NCAA Football

Tough path ahead as No. 2 women’s water polo seeks to defend national title

May 13, 2016

It is rare that back-to-back national champions enter a NCAA Tournament with something to prove. However, that is the situation No. 2 Stanford women’s water polo (21-5, 4-2 MPSF) finds itself in. Having lost three times to No. 1 USC in regular and postseason play, the Cardinal enter the NCAA Tournament ready to fight to return to the top of collegiate women’s water polo.

Junior Julia Hermann (above) has stepped up big for the Cardinal this season after missing last year due to an injury. She has averaged 8.62 saves per game, helping her earn all-MPSF honorable mention status. Rahim Ullah

Junior Julia Hermann (above) has stepped up big for the Cardinal this season after missing last year due to an injury. She has averaged 8.62 saves per game, helping her earn All-MPSF honorable mention status. (RAHIM ULLAH/The Stanford Daily)

Stanford’s journey to the title begins on Friday at UCLA’s Spieker Aquatics Center against No. 7 Santa Barbara (18-12) in a quarterfinal matchup. The Cardinal faced off against Gauchos once previously this season in a 16-5 victory in Santa Barbara. Sophomore Katie Dudley was the hero in that matchup, scoring a career-high 5 goals in the game. The Cardinal also showed their ability to fight back after UCSB jumped out to an early 2-0 lead before Stanford managed to assert their dominance of the ball and scoreline.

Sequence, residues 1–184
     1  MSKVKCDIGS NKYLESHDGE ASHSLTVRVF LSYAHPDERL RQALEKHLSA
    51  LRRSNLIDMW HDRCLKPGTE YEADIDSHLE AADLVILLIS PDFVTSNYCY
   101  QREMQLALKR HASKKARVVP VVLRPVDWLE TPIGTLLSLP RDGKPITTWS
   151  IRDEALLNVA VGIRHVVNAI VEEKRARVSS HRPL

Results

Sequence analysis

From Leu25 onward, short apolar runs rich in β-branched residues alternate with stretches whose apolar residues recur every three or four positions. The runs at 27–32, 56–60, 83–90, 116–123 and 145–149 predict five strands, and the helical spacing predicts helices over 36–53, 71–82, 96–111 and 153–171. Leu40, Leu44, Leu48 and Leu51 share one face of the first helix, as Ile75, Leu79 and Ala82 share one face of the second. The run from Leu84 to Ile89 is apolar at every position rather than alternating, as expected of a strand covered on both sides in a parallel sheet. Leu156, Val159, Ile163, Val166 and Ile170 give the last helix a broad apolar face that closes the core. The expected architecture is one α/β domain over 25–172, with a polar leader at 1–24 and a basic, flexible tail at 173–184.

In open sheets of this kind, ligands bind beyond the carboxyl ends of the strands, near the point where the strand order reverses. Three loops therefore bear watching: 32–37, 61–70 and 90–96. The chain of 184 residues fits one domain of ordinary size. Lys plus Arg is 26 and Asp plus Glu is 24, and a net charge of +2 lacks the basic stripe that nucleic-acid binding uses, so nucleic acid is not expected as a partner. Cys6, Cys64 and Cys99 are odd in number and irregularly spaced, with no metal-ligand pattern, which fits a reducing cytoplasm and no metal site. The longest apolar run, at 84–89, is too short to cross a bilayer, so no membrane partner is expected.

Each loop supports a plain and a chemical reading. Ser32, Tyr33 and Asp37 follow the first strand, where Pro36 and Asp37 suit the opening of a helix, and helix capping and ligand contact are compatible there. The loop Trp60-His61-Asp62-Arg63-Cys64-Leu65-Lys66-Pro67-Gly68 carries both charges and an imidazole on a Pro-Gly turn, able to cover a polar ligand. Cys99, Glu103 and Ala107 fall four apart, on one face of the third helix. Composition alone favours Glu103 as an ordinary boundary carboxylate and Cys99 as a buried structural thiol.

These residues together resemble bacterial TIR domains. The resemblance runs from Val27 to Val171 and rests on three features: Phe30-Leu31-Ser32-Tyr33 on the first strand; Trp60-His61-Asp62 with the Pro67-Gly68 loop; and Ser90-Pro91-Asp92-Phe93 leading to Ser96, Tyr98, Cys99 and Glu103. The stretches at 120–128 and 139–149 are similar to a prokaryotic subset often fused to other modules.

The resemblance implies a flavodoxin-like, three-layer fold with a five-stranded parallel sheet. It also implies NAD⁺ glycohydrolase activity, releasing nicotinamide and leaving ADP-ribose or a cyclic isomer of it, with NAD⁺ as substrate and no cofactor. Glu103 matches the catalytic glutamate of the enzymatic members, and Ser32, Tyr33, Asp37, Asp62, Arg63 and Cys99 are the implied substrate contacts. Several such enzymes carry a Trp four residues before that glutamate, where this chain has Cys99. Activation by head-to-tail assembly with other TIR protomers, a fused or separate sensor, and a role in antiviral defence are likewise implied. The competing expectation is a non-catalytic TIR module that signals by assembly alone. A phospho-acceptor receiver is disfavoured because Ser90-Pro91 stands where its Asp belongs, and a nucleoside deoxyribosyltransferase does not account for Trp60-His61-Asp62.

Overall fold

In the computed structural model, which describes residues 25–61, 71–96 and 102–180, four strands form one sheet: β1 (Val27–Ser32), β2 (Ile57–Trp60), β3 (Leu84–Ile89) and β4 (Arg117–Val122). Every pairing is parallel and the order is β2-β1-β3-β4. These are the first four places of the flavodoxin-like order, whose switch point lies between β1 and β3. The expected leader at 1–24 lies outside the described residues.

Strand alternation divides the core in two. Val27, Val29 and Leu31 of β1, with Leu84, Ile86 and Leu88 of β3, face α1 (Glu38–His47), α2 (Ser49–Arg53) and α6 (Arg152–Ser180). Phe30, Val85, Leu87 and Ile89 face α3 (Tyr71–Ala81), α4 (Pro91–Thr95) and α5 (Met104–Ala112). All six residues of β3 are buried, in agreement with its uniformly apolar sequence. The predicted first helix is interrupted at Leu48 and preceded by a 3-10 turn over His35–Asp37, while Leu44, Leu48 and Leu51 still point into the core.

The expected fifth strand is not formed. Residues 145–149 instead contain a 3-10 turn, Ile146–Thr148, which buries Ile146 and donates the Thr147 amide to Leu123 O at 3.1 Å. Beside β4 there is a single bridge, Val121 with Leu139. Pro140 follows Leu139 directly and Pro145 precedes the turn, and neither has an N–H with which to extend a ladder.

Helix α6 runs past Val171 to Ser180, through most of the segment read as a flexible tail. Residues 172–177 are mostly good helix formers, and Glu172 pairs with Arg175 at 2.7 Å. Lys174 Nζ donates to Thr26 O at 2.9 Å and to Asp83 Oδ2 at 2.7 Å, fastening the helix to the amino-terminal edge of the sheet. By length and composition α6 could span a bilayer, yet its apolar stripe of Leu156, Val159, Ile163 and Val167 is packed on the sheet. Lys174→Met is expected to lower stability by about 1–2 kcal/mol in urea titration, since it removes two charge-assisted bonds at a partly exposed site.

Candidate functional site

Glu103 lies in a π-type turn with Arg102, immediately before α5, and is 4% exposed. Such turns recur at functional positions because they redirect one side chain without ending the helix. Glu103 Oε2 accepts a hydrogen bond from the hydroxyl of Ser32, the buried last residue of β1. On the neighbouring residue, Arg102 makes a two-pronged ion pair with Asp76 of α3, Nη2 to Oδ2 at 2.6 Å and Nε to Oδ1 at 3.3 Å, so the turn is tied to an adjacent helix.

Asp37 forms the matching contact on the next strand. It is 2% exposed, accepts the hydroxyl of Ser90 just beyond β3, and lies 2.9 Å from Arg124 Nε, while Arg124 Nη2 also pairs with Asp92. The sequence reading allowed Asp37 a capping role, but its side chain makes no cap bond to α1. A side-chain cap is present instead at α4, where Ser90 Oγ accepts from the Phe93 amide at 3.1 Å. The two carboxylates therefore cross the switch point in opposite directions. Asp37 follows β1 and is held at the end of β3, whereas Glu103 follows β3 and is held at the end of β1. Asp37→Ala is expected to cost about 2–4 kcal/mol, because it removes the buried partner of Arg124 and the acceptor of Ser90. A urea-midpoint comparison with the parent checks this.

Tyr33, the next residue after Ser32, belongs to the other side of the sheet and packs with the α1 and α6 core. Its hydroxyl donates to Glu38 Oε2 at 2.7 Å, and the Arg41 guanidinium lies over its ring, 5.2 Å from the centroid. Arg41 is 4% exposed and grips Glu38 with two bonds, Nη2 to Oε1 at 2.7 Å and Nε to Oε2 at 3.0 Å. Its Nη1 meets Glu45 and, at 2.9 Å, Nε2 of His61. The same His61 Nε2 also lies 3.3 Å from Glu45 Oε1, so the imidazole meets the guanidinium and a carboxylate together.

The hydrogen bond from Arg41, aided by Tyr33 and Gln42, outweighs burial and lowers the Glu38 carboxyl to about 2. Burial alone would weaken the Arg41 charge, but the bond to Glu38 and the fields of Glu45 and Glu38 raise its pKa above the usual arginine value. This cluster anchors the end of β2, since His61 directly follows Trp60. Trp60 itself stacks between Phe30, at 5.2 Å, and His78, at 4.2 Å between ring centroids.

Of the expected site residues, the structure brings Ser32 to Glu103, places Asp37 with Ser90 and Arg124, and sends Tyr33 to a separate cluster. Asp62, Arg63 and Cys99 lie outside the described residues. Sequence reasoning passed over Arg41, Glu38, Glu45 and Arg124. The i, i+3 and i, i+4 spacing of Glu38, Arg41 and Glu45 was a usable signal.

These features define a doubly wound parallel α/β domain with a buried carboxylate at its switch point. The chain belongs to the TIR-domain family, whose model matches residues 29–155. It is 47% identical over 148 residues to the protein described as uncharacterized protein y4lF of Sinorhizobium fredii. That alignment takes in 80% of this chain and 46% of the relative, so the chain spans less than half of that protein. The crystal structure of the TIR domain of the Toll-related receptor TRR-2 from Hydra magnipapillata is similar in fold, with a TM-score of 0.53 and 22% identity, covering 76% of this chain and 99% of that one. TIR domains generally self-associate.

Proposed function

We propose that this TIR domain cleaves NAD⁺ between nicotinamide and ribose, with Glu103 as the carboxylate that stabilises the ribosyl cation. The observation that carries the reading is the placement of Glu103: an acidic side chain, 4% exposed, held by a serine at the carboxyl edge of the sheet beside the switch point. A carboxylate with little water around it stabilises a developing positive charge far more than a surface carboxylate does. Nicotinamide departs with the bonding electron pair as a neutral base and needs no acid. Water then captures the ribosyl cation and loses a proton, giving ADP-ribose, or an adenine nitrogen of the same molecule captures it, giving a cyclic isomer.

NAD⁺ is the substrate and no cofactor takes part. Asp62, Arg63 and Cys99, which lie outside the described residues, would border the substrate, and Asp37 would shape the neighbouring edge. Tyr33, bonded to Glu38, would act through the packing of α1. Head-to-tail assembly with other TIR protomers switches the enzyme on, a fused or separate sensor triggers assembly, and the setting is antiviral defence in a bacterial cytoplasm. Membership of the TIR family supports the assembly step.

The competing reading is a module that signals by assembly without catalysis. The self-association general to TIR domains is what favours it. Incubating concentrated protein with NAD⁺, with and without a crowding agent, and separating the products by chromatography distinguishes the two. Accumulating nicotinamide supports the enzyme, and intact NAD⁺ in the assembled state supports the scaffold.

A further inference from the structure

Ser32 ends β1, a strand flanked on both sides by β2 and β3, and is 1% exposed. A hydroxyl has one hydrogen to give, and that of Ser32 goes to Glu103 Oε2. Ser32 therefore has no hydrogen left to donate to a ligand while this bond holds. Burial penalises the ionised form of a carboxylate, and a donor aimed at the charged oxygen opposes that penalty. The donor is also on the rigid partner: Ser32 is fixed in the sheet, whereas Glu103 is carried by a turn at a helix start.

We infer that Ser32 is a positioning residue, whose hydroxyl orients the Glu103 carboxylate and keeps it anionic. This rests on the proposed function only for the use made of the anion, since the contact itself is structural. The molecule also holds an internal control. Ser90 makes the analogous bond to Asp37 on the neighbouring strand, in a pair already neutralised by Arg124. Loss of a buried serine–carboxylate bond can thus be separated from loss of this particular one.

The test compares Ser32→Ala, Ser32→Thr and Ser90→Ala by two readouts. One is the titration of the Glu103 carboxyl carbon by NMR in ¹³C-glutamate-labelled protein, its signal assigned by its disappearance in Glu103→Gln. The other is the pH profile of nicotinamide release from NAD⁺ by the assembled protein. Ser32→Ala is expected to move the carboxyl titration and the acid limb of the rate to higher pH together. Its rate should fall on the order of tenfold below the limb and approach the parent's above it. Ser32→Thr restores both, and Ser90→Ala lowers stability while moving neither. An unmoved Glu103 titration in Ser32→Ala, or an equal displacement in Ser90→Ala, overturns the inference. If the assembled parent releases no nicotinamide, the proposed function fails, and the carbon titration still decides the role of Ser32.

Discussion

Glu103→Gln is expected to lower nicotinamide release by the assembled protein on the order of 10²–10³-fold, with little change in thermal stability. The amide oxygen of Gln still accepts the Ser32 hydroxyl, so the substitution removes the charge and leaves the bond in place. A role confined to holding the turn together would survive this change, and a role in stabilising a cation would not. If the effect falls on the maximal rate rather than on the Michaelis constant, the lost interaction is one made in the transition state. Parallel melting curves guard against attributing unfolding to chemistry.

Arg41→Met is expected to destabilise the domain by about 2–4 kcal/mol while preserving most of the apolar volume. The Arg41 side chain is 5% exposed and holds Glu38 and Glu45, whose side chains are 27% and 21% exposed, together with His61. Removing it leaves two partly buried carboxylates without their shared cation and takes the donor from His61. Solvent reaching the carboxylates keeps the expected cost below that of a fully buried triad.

The team will need similar grit if it hopes to emerge as NCAA champions on Sunday. Their path to victory is not an easy one, and the Cardinal will be forced to most likely face both perennial powers – USC and No. 3 UCLA. Assuming Stanford moves past their quarterfinal match, a semifinal game against UCLA will be a stiff challenge.

The Bruins have the advantage of playing at home and a raucous fan base to ensure that there will be plenty of blue and gold in the stands. Stanford had a similar environment last year when the Championships were hosted at The Farm, but the Cardinal will now find themselves far from home. The only solace is that UCLA’s cross-town rivals USC will most likely experience the loudest boos.

The biggest challenge for Stanford will be finding an answer to a strong USC team. The Trojans have proven so far to be an insurmountable obstacle for the Cardinal, beating Stanford in each of their previous match ups. However, the team showed progress against USC during the MPSF Championship. The Cardinal managed to capture the momentum early and went into halftime leading 2-1. But Stanford’s defensive lapses allowed the Trojans to assert themselves offensively in the third and fourth quarters, leading to a 8-5 USC victory.

However, the Cardinal have all the pieces to overcome tough match ups. Junior Jamie Neushul leads Stanford in goals per game at 1.77, ranking her fourth in the conference. Klass is eighth (1.58), with seniors Anna Yelizarova (1.45) and Gurpreet Sohi (1.35) at 15th and 19th, respectively. Strong offensive performances will be key in matching the firepower of other top-ranked opponents.

Junior goalkeeper Julia Hermann’s 8.62 saves per game is sixth in the conference, with her 5.67 goals against average proving good enough for seventh. The only goalkeeper on the roster, Hermann has stepped up for the Cardinal in a huge way this season after returning from not playing last year due to injury. Her strong defensive play earned her an All-MPSF honorable mention.

The NCAA Championships will be the last collegiate tournament for the graduating seniors on the team. Sohi, Yelizarova and Rachel Johnson have overseen Stanford’s dominance of the NCAA women’s water polo, helping lead the team to a 100-11 overall record and two national championships.

The quarterfinals will kick off at 1:45 p.m. on Friday, with the semifinals and championship match following on Saturday and Sunday in Los Angeles.

Contact Amanda McLean at ammclean ‘at’ stanford.edu.

Read Full Article